“In the context of sustainability, it’s important to realize that while the ecological footprint of the poor is minuscule, climate change & loss of biodiversity impact the poor more than the rich”, she adds

Citing the agricultural sector in India, she says that just two crops – rice & sugarcane – guzzle 80% power.

Loan waivers, subsidies, free power make the Indian agricultural scene unsustainable. There is an urgent need to look at carbon footprint, decentralization and focus on renewable energy, she adds.

Collaborative framework

Dorine Burmanje

There is a need for broad global collaboration in the geospatial sector to foster innovation, infuse dynamism. For this, a National Geospatial Information Infrastructure and a common Knowledge Platform is the way ahead.

“Geospatial community has grown into a connected worldwide community. An expanding group of individuals is leading to a greater impact of geospatial information.  UNGGIM is playing a leading role in this regard, recognizing the need for geospatial data for decision-making”, says Dorine Burmanje, Former Chair, Kadastre.

She further adds that it is not only about sustainability, for everything that is happening data is crucial. For the public sector it is important to redefine itself in this tsunami of data.

Geospatial all the way

While The Economist dubbed ‘Data as the New Oil’, around the same time McKenzie termed geospatial as ‘the new general-purpose technology’.

“Geospatial at the heart of society and is being leveraged for adding value. If we only invest in production, value realization is inhibited”, says Peter Hedlund, CEO, Ordnance Survey.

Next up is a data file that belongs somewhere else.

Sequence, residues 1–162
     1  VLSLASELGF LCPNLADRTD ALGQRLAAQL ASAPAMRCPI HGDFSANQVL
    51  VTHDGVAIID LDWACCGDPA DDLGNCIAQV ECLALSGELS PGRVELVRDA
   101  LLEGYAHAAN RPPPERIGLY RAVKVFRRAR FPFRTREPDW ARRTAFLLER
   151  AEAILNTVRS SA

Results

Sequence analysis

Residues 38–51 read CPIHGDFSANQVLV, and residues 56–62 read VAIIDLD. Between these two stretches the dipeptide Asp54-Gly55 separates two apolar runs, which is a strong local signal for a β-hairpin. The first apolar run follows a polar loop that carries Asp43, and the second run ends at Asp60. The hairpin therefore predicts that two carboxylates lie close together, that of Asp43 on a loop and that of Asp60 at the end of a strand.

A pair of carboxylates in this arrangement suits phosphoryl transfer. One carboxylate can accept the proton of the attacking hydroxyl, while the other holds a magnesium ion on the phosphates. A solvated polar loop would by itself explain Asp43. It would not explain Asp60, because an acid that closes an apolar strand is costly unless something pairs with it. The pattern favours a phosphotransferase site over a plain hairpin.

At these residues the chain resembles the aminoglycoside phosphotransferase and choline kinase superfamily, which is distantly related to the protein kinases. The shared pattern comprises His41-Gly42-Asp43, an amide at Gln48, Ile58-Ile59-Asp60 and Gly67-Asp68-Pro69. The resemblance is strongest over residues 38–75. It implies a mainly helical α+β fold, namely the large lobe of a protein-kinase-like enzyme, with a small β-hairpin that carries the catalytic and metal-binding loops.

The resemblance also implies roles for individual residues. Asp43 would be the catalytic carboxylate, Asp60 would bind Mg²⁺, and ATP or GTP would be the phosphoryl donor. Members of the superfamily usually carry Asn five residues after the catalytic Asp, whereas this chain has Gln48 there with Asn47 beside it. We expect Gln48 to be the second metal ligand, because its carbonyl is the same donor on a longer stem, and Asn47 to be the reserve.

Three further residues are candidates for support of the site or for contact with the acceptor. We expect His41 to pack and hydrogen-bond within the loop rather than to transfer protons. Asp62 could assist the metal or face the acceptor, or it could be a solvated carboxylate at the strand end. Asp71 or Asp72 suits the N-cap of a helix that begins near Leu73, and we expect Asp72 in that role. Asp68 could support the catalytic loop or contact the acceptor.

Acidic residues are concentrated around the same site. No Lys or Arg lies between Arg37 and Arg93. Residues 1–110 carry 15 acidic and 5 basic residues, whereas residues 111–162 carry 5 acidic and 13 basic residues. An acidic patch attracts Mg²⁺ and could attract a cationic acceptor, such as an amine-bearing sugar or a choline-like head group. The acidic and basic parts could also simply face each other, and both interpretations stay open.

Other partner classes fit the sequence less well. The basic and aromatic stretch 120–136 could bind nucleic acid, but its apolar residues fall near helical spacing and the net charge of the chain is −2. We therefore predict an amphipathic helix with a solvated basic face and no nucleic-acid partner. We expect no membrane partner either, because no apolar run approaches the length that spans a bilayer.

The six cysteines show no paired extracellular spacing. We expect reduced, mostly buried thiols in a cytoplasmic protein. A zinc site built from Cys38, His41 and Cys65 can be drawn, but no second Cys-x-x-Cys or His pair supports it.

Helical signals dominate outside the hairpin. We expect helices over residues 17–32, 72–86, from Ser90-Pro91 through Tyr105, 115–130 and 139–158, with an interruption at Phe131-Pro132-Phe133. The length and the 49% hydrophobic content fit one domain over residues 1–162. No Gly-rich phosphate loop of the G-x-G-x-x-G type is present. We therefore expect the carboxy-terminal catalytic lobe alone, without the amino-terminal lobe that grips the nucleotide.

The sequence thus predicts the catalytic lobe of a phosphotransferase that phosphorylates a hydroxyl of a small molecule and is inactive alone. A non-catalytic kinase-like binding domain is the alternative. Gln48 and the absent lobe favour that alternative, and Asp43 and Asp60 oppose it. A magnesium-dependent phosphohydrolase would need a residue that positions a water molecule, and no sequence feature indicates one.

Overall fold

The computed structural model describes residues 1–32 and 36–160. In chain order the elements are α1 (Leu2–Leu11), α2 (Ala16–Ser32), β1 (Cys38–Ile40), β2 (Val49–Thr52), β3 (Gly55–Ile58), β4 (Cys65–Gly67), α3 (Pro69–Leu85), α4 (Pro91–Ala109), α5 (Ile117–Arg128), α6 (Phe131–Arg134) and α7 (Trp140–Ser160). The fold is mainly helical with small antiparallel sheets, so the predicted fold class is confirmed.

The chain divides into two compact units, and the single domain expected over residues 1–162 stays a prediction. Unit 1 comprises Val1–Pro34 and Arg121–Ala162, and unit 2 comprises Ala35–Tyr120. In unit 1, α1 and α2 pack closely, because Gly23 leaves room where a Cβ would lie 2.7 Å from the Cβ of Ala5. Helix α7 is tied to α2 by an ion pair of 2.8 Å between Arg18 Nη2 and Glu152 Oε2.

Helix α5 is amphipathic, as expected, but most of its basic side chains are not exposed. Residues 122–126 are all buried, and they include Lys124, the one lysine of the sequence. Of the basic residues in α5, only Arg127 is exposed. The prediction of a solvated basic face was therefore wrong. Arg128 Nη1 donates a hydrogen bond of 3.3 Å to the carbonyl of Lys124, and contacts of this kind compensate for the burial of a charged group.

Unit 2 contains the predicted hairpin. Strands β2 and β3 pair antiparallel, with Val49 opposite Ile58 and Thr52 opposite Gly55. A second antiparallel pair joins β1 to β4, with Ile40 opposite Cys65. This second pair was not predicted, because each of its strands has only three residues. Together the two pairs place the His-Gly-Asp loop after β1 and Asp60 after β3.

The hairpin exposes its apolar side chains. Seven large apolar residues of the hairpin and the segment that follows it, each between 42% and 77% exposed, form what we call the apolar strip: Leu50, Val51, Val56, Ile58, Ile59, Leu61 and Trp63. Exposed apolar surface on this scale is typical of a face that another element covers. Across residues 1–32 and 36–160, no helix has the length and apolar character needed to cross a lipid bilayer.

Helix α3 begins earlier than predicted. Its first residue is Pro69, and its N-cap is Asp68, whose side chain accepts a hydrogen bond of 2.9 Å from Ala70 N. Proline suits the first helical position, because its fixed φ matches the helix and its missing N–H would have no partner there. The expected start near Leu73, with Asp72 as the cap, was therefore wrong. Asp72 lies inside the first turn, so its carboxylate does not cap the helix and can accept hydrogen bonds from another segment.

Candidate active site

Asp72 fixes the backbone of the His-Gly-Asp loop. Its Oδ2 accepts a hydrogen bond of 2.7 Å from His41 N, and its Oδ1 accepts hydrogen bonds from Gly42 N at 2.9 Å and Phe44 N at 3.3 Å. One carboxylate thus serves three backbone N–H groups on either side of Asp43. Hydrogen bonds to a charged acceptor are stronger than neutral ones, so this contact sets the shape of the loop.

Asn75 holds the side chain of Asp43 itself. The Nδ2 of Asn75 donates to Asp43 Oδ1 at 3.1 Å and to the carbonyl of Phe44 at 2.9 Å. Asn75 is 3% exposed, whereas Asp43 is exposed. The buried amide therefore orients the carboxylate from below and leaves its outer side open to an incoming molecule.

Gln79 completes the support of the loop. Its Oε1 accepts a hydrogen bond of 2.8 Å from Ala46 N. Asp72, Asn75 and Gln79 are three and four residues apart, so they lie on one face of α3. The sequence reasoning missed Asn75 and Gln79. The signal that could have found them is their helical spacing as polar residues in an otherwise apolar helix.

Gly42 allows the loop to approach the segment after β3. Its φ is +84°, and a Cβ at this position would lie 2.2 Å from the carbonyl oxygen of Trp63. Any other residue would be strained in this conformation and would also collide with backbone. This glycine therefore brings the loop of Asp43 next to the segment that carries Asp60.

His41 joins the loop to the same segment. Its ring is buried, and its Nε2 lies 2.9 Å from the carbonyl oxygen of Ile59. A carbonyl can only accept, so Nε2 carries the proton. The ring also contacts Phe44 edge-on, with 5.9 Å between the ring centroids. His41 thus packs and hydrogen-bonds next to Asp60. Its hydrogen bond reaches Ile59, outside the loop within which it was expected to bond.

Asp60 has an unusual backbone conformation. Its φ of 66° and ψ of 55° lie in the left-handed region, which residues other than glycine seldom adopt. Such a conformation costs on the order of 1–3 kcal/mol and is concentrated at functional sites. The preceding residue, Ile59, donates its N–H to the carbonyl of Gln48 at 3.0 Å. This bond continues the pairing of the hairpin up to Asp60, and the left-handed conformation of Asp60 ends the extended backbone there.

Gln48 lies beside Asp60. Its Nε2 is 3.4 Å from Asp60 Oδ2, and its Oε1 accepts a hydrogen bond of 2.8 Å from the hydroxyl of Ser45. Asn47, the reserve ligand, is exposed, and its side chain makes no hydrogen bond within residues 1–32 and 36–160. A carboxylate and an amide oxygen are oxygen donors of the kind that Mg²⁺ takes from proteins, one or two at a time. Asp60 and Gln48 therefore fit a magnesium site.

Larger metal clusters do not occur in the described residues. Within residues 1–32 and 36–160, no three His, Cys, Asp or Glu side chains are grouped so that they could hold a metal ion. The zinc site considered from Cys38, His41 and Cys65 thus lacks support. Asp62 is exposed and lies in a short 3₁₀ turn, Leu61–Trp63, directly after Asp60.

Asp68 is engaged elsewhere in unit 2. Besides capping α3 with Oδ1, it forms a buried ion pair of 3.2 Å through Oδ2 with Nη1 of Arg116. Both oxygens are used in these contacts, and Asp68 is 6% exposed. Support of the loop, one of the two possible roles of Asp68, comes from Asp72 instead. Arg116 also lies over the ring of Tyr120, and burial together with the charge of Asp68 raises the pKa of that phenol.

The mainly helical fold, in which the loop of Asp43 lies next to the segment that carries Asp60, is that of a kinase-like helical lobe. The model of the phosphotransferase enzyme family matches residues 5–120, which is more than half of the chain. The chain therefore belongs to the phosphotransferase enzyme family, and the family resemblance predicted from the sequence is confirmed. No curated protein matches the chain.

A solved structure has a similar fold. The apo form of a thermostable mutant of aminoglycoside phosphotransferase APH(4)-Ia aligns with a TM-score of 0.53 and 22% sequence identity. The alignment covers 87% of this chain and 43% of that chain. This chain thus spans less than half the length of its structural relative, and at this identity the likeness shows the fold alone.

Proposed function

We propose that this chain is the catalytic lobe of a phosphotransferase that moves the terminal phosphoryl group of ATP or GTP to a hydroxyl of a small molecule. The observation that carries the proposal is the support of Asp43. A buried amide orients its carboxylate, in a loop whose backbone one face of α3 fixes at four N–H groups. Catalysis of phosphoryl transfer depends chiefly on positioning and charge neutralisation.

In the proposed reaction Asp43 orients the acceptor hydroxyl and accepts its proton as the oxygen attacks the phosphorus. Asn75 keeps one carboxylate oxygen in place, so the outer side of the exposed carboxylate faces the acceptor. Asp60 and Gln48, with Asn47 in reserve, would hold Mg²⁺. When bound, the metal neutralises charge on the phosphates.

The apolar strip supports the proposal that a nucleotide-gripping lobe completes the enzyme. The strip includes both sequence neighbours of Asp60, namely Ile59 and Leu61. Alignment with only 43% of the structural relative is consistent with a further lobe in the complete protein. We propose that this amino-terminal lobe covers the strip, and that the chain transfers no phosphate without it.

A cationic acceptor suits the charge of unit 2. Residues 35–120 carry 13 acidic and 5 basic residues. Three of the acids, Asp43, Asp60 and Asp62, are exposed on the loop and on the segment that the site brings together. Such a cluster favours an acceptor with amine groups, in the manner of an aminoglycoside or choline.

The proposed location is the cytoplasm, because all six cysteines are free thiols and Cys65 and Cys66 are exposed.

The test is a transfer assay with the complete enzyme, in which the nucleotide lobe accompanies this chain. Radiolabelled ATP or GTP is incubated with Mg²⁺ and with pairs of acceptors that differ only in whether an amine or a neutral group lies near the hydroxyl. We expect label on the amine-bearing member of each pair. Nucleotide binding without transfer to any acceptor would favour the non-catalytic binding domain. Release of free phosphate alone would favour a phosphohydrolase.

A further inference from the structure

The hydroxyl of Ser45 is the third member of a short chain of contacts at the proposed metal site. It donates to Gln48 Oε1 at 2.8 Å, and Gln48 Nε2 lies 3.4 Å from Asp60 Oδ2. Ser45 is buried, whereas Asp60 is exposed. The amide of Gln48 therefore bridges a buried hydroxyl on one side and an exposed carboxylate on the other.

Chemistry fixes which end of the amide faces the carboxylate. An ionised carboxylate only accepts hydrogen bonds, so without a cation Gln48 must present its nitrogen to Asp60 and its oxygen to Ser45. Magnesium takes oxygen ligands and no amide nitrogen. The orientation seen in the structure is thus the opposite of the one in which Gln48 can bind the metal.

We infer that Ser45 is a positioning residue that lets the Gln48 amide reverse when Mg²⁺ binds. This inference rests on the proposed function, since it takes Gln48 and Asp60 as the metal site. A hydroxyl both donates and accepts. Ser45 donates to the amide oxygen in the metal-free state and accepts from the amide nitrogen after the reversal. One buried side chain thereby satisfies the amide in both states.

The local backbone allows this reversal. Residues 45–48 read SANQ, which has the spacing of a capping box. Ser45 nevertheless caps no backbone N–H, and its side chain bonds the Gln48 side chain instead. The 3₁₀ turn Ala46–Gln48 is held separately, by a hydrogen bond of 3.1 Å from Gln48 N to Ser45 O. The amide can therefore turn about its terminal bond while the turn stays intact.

Peter Hedlund, CEO, Ordnance Survey

The upcoming challenges before national mapping and cartographic agencies is that there is a dire need to capture more accurate data at an unprecedentedly fast rate, as with automation and change detection will enable an entirely new business model.

“Data-driven agencies have to evolve with time. Automation is critical in this aspect and forging partnerships are essential”, he says.

“Geography provides content, context, and a common reference system. GIS is akin to a Digital nervous system and applying The Science of Where – Integration of science and technology, GIS and Geospatial. It helps us to model, design, take decisions and move to action”, says Dean Angelides, Corporate Director, Esri.

Various projects can be combined into systems, and eventually into a mega systems of systems. This is happening in many countries, including India. Geospatial is going to scale and is on an upward progression. A powerful and digital knowledge system for the planet can be built.

Adding Value

On the question of adding value in a geospatial ecosystem, Dean believes that we cannot manage what we can’t measure. He stresses the need to take action quickly, so that we can look at the gains as well as the challenges.

Hedlund emphasizes that the Ordnance Survey mission is to build a better world by leveraging data.

With the fast-changing, evolving, transitioning paradigms and integration of technologies, the public sector needs to redefine itself to ascertain the value of data and use it optimally for delivering public good and facilitating innovative developments.

“Geospatial for evidence-based decision-making is helping us solve issues like urbanization, food scarcity, climate change to build a sustainable world”, adds Burmanjee.

Also Read: #GeospatialByDefault – the all encompassing technology